Periodically I receive e-mail from people with questions about tree houses. Often I respond directly, however, I think this one from Jim Winkle is worth posting. If anyone has any ideas beyond the scope of our discussion please send an e-mail.
Rain comes in where the tree trunk goes through the roof (see photo). I’m looking for recommendations about how to prevent this.
I have a car tire inner-tube wrapped around the tree and attached to the roof (between two layers of shingles). Bunge cords hold it tight to the tree trunk. As you can see, I also have plastic wrapped around the tree above the inner-tube.
I’ve been inside it during a downpour, and the trunk is soaking wet and water drips down from the inner-tube. I wouldn’t mind if the water simply ran down the trunk. It does, but it also drips down onto the floor from the inner-tube on the ceiling. As you can see, the tree is slanted, which contributes to the problem. I made a water collection trough (not pictured) mounted inside at the roof-line, but it dripped, too.
“Drips” doesn’t sound like a lot, but during a heavy rain, it is.
Before a rain, I try to remember to roll up the carpet and put some pieces of hard plastic on the floor, which channel the dripping water towards the tree trunk. This is getting to be a hassle.
If you have any ideas, you’ll find my email address near the top of my home page. Any information anyone can provide would be greatly appreciated! This must be a fairly common problem, and I’m hoping someone has solved it.
P.S. The treehouse has lights, a radio, and a fan inside, and is entirely solar powered!
My response to Jim’s Question:
I’ve had this conversation with many treehouse builders: How do you seal a tree trunk that passes through a roof or wall? There are many flexible-seal type solutions attempted, many similar to the one you have utilized Jim, but none are successful at completely stopping moisture from tracking down the tree trunk and into the treehouse. Simple treehouse builders often just live with the problem — it is not a big deal except that it can lead to a musty smell inside, moisture can encourage growth of mildew, and potential for premature wood rot. However, if you have plans to make the treehouse a comfortable year-round structure to live in moisture leaks are not acceptable.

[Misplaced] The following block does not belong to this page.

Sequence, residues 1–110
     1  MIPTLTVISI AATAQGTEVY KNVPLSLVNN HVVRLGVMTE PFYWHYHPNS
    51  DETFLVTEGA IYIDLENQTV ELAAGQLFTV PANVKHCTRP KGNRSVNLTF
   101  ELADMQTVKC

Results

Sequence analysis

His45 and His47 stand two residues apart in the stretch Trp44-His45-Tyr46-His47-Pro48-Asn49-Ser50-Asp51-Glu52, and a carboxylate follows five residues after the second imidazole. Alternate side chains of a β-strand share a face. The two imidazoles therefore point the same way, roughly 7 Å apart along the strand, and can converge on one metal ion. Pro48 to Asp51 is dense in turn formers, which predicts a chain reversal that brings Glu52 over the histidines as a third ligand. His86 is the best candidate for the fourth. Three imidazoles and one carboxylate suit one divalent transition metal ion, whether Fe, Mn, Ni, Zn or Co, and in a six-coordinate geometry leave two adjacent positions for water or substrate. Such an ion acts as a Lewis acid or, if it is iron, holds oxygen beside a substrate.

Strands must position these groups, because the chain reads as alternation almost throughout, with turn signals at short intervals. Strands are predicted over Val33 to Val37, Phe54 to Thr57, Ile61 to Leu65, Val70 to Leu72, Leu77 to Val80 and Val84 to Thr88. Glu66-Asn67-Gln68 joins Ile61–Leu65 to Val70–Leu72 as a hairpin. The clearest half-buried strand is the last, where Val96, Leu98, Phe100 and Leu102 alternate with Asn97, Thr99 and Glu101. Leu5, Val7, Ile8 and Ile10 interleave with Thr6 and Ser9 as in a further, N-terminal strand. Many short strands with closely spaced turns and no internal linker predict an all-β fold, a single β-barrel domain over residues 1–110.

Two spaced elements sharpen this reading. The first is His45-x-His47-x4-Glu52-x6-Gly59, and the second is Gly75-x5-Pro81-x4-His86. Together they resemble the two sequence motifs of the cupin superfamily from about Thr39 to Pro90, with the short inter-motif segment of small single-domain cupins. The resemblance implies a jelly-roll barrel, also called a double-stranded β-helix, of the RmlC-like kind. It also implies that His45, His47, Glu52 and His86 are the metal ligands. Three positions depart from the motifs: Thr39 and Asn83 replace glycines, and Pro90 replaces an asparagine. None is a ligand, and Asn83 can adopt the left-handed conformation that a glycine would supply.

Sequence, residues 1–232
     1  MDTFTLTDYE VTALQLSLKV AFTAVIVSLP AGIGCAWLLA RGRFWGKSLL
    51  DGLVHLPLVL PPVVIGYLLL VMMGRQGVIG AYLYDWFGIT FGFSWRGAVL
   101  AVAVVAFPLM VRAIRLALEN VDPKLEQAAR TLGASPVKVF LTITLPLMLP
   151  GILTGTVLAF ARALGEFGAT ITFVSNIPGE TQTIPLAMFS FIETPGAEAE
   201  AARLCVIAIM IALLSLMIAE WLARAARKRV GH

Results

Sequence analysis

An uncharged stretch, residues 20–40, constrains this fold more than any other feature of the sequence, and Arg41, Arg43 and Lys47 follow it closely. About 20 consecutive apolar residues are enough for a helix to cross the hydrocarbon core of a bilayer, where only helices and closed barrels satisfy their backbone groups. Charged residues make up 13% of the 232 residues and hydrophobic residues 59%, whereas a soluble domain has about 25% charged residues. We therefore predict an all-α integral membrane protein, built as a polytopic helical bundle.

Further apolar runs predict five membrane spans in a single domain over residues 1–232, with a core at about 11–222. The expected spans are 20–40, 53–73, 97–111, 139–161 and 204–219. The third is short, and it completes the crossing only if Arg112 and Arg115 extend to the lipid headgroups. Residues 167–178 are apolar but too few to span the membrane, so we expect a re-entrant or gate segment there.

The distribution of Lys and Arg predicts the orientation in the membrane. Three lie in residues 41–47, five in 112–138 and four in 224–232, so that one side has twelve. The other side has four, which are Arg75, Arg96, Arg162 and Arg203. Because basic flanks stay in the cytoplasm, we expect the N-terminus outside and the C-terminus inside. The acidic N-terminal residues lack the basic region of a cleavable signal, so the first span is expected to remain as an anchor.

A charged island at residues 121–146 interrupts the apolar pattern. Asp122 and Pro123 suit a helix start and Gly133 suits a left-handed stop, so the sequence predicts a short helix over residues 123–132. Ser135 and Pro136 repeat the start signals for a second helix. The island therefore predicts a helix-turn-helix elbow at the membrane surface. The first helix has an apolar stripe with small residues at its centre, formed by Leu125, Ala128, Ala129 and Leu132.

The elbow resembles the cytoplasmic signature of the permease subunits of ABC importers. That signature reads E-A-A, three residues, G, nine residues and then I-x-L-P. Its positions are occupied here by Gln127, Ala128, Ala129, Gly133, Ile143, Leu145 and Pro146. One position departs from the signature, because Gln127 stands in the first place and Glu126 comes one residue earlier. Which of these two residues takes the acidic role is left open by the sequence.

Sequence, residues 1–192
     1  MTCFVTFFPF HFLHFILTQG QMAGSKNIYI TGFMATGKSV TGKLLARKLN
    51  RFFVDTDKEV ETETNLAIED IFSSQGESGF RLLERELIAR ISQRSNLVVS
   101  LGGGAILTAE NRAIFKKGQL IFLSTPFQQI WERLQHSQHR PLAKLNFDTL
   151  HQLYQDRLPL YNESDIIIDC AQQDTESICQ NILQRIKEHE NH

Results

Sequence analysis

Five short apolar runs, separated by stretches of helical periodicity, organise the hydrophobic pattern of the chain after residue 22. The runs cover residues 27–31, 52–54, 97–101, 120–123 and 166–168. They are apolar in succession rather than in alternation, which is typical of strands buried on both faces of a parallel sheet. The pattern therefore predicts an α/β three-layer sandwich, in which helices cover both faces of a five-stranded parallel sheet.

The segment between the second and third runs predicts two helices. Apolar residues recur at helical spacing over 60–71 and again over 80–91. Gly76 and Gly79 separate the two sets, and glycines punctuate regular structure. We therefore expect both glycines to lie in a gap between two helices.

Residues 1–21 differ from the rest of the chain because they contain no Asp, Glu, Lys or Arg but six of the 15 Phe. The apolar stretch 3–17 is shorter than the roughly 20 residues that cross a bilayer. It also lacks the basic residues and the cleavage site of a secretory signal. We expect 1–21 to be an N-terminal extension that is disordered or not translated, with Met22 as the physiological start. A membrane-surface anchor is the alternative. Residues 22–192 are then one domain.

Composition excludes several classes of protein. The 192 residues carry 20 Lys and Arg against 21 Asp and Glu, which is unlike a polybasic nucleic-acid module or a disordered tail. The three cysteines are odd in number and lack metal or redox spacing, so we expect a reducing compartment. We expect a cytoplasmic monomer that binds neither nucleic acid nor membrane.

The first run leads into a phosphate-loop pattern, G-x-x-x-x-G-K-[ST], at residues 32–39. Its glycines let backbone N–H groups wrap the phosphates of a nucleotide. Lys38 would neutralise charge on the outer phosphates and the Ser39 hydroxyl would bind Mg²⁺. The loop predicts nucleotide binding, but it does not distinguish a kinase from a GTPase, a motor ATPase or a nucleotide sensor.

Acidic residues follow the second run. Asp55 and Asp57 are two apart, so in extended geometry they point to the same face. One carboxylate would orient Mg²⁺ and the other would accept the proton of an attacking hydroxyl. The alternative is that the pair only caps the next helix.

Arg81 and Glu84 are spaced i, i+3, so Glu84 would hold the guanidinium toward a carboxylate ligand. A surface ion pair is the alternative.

The problem stems from the morphology of most trees: The shape and orientation of branches relative to the trunk encourage the collection of water channelling, via surface tension, down toward the centre of the tree and to the ground. Some speculate this is to concentrate rain water close to the trunk so the tree roots can absorb it more easily — especially in dryer conditions. Other ideas are that the rain water flowing down the branches and trunk provides moisture to the bark exterior, washes dirt and other material away, and helps to prevent the growth of parasites and other detrimental organisms. Incidentally, moss can benefit from the moist conditions of rain washing as it grow on the shaded side of the tree.
When designing a treehouse in a single tree it is often necessary to pass the trunk, and/or major branches, through the walls or roof of the structure to maximize space and achieve weight balance. The down side, as you point out, is that it is nearly impossible to seal the water from entering through these exit points. I have seen attempts to seal around the tree with flexible membranes (such as rubber inner tubes and plastic) but these never completely work. The problem is that the bark is irregular and porous, and it changes shape over time as the tree grows, so it is impossible to seal anything to it. Attempts to smooth or otherwise modify the bark to achieve a good seal can lead to serious tree damage. The bark is the most vulnerable part of the tree and damaging it, especially in a ring around the circumference, can prevent the flow of nutrients up to the leaves and lead to it’s death.
There are two solutions I’ve seen that work to completely isolate the treehouse interior from the moisture running down the tree. The first is a bit dramatic: top off the tree just below the roof line and build a solid roof above. I have seen a treehouse built in four cedars designed this way and it works remarkably well — however it is not practical for most applications. The second solution is to build a wall/vapor barrier around the trunk on the inside of the treehouse. In essence, this means building the treehouse like a donut with the tree trunk passing through the hole in the middle. This allows you to leave the top and bottom holes for the trunk open to the flow of air and rain water, yet the inside stays dry. The downside to this is a slight loss of interior floor space and the inability to see the tree trunk while inside.
I hope this answers your question and that you can use the information to implement a solution for your project.